I often equate the beginning of a new school year to the process of setting new goals for myself, both personally and professionally. Already, I have shared that dreaded “2017-18 Goal Setting” form with our team and asked them to return to me by September 15th.
I say "dreaded" because,
“What does this really mean?
Will this be a form that is completed for compliance purposes or will it be a true reflection of who they are and how they identify with their purpose?
By setting goals, do we get too caught up in the result rather than the process?”
Maybe we should set purpose statements that include timeline processes and checkpoints along the way to measure our growth. Our value as leaders comes from getting lost in the work with others. It’s about maximizing our own learning and collaborating with others to help the organization succeed. It’s about building capacity in others through trusting relationships. It’s about collectively growing our students and our organization. It’s about developing our identity as a leader, over time, not in whether or not we reach a goal at the end of 12 month period.
Think about others whom you admire. How would you describe them? Which of these leadership qualities do you hope for in yourself?
Developing a purpose statement as leaders seems to make more sense than developing goals in isolation. A purpose statement will help us reflect on the process and focus less on the outcome. I care more about the process leaders take to reach their goals. In the end, no one will remember whether or not we achieved our yearly goal, but they will remember how we persevered along the way. As leaders, we all want to reach the top of the mountain, but what good does it do if we are at the top of the mountain alone? The end goal doesn’t matter much if the camaraderie of team hasn’t developed along the way. It’s about the process and those who band together during that process. The process is personal. Through processes, others get to know us and understand what we value. Let’s also not forget the important role failure plays in this process. I’d much rather work alongside someone who has failed a few times, knows how to navigate the bumpy road and lead our team to success. From failure, we grow. Goals are boring in isolation, but a purpose statement allows us to focus on the process, keep our perspective and keep moving the organization forward.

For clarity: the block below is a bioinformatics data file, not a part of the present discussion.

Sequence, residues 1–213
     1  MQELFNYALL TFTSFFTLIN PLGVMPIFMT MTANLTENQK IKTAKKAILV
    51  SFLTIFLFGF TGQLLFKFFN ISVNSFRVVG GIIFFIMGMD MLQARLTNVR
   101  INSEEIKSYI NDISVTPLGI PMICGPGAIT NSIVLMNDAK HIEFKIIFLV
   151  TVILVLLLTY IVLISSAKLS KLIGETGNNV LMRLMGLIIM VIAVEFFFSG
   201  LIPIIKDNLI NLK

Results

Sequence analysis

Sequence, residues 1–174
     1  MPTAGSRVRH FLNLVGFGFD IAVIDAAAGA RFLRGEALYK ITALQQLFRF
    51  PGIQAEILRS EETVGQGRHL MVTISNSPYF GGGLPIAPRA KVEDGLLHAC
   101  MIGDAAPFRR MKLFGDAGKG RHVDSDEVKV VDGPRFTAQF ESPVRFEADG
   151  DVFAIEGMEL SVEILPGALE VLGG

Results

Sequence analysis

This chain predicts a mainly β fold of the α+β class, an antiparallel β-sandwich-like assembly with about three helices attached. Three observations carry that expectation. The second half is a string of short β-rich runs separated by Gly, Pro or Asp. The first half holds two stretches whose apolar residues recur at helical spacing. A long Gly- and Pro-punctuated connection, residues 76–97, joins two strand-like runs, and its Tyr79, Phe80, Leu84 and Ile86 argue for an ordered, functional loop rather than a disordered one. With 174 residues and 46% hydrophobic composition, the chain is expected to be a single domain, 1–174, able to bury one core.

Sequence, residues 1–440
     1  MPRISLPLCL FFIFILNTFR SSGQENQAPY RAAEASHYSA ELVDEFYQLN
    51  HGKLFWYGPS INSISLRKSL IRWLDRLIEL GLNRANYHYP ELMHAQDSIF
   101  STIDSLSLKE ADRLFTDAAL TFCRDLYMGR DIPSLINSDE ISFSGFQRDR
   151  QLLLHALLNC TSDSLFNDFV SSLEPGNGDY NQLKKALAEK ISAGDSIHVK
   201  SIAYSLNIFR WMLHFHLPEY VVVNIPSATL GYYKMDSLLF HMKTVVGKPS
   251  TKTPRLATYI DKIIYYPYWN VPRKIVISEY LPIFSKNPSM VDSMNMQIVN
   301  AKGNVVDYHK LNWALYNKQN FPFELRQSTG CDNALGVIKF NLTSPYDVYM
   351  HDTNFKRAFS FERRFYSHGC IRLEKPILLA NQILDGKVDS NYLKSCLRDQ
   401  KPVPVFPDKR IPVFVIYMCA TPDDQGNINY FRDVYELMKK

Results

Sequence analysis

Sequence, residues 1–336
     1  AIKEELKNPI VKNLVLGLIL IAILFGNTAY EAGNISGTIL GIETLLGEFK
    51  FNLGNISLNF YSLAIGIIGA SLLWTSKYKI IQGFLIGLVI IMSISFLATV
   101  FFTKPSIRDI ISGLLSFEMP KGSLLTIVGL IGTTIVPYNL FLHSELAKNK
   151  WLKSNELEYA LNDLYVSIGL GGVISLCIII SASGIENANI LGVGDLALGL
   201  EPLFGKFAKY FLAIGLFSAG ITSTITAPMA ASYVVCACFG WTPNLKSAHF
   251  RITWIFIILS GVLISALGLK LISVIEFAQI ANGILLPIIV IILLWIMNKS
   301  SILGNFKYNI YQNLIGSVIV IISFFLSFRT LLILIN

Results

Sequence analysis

So, if you have already started your Goal Statements that are DUE by September 15th, please HOLD, we have a few changes to make!😀